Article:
But the stories of the main protagonists did not end with the civil war. Frank Busteed emigrated for a while to America, where he married, before returning to Ireland, where Fianna Fail was soon to be in government, a party which Liam O’Doherty had been a founder member. Both served in the National army during the Emergency. Felix O’Doherty spent much of the rest of his life in enforced unemployment, seeking in vain for compensation through a disability pension. Liam O’Doherty’s death in 1982 creates an overlap with most of our lives here tonight.
The story of these events needs to be told. To many today, it is remote and even irrelevant. It is neither. What happened in Blarney during that decade had a profound effect on those who lived through it, breaking family links and friendships, forcing some into silence. There were economic effects, loss of property and income, forced emigration. I’m not claiming that everything that happened in Blarney is recounted here. In a future journal, I hope to publish the full list of members of the Blarney company with some account of the activities they were involved in. Much of the material is available and we await more pension claims to be published.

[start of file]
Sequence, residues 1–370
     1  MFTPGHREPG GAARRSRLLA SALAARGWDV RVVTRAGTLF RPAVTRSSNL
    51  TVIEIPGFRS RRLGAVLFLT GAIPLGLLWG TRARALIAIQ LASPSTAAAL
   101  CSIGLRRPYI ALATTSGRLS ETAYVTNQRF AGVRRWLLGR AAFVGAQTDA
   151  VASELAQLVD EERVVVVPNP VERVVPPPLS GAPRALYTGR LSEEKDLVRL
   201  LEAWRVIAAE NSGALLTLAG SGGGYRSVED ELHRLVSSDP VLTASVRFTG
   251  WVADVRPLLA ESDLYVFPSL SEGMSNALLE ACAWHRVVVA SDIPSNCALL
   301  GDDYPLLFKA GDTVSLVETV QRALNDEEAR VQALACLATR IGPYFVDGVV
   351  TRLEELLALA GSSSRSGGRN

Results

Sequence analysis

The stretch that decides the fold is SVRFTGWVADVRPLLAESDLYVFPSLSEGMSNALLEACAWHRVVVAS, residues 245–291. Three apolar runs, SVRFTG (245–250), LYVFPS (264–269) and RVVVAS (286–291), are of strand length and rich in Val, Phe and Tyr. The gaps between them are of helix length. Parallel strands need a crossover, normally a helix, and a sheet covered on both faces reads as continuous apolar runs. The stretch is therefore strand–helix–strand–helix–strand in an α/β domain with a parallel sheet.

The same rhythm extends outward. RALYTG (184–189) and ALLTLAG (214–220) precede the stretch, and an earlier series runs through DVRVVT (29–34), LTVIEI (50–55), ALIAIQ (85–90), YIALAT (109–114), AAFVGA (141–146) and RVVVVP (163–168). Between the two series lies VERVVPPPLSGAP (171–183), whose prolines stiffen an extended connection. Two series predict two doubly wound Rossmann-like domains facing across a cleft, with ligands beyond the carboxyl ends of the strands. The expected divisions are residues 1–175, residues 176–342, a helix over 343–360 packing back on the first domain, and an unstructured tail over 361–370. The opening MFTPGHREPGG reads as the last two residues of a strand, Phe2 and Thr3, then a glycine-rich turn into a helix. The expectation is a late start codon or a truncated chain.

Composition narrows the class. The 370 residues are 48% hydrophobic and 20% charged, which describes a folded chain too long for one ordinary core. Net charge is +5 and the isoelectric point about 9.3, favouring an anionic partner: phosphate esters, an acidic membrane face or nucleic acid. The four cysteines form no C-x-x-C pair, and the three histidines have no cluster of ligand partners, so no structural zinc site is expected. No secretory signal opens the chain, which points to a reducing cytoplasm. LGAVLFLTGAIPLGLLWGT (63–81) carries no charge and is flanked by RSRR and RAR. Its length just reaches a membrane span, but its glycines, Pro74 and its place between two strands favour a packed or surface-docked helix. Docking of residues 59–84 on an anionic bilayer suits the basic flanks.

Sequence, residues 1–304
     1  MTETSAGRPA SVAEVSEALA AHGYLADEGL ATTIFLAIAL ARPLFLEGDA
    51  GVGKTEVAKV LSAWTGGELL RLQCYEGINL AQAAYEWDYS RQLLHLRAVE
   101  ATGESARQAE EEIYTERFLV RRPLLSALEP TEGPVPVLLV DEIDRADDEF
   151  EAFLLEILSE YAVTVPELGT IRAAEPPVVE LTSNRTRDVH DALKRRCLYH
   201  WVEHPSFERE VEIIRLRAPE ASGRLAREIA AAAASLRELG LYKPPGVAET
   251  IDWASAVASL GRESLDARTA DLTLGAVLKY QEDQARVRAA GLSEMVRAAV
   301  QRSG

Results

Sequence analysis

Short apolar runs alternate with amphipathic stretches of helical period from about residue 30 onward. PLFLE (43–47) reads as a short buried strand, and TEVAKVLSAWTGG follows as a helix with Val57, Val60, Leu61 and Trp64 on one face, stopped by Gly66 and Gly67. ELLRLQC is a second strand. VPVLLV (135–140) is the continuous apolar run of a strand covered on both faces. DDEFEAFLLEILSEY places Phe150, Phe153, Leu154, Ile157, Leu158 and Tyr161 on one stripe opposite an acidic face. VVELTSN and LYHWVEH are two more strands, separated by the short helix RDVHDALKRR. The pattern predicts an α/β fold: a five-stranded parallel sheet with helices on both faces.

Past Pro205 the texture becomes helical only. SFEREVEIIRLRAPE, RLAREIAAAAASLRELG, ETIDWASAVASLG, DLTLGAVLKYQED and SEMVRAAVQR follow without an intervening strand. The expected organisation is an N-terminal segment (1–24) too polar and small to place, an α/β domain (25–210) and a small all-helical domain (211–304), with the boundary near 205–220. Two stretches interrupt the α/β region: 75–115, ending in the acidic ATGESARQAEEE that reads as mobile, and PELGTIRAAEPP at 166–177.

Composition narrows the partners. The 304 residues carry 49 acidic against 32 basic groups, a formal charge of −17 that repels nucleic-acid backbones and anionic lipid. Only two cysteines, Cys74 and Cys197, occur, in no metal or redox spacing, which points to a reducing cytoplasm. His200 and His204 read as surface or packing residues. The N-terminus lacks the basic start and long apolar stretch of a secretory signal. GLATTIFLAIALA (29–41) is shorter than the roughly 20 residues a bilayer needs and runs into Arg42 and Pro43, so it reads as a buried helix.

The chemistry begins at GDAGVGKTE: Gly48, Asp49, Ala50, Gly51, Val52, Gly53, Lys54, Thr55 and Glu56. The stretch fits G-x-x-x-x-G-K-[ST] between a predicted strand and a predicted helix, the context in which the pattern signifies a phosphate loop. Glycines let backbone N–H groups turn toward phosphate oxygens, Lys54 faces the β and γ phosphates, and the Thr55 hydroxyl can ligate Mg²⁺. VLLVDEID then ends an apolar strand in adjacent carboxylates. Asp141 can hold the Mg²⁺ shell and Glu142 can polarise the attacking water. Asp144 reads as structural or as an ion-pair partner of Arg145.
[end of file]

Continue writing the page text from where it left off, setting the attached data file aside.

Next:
My final plea: the society would welcome articles for future Journals. We need more contributors and we must look to our secondary school students, their teachers and university students, all of whom are required to do research and dissertations, to help us out. I urge anybody with an idea for a project on a local place or topic, a piece of family history to let us know, and we will help you out. Mentioning family, I want to commend Tim R Murray for the fine book he has produced on his family’s part in the struggle for Independence, A Safe House, which I would recommend to everybody.
It is with pride and affection that I launch this Journal as the Society’s contribution to this decade of centenaries. Buy it, share it, promote it among your friends and families. Thank you.’
‘Old Blarney’ Journal Issue 13 is available in local shops, from committee members and on www.blarneyhistory.ie